The news of the breach comes about a month after NASA administrator Charlie Bolden told reporters that the Russian diplomacy crisis, which erupted after troops went to Crimea a few weeks ago (to U.S. and other countries’ condemnation), would not affect Soyuz launches or other activities related to the space station.
“Everything is nominal right now in our relationship with the Russians. We continue to monitor the situation,” said NASA administrator Charles Bolden in a conference call with reporters March 4, following the release of NASA’s preliminary budget request.
“The safety of our crews and our assets that has not changed. Safety is the No. 1 of NASA’s core values, so we are constantly doing contingency planning on the International Space Station for emergencies that might arise,” Bolden added, citing an emergency ammonia pump replacement in December as one such example.
“Those are the kinds of things we are always planning for, and in terms of the situation on the ground, we will go into contingency planning for that as the situation dictates. But right now, we don’t see any reason to do so,” he added.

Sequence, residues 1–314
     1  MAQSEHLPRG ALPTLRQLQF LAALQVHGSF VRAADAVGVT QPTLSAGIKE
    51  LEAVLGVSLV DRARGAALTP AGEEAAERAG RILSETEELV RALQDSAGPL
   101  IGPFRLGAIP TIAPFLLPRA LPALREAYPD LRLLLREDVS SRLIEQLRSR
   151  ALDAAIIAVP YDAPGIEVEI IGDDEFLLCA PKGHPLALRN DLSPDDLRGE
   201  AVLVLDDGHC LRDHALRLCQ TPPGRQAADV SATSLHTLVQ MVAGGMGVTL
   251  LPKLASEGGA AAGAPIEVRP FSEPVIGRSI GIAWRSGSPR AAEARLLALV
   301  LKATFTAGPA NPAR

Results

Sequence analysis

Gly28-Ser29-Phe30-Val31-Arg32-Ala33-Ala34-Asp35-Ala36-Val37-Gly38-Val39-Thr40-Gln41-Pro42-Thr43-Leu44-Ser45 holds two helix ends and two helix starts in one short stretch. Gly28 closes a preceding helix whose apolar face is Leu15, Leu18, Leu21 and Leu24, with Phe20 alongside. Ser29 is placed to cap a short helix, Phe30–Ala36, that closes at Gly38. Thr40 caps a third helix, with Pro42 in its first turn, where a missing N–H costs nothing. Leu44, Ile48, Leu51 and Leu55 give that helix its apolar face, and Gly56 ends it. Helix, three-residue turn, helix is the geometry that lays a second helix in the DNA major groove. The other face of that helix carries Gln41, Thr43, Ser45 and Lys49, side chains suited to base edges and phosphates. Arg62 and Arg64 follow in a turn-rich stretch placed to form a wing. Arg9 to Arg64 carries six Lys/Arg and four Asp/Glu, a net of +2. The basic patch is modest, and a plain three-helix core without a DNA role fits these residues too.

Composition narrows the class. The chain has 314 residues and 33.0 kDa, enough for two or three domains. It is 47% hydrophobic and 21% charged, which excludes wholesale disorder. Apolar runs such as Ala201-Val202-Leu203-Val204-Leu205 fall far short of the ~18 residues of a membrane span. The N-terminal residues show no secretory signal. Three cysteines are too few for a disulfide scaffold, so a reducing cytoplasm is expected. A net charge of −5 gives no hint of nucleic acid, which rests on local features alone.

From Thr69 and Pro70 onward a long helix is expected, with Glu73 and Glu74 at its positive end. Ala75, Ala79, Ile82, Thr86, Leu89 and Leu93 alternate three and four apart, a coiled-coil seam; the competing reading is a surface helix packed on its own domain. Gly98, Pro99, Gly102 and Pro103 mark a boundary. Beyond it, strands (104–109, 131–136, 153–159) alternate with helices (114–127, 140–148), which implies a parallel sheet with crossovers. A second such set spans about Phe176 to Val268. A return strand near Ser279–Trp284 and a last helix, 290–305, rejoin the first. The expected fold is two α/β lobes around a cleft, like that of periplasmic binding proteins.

International Space Station operations were recently extended to at least 2024, and NASA officials have pointed out that it and similar agreements have weathered other world crises.
Wednesday’s news first came to light in a reported internal memo posted on SpaceRef’s website that morning. Jacobs did not confirm or deny the memo’s authenticity in the e-mail to Universe Today.
Universe Today will issue updates as circumstances warrant.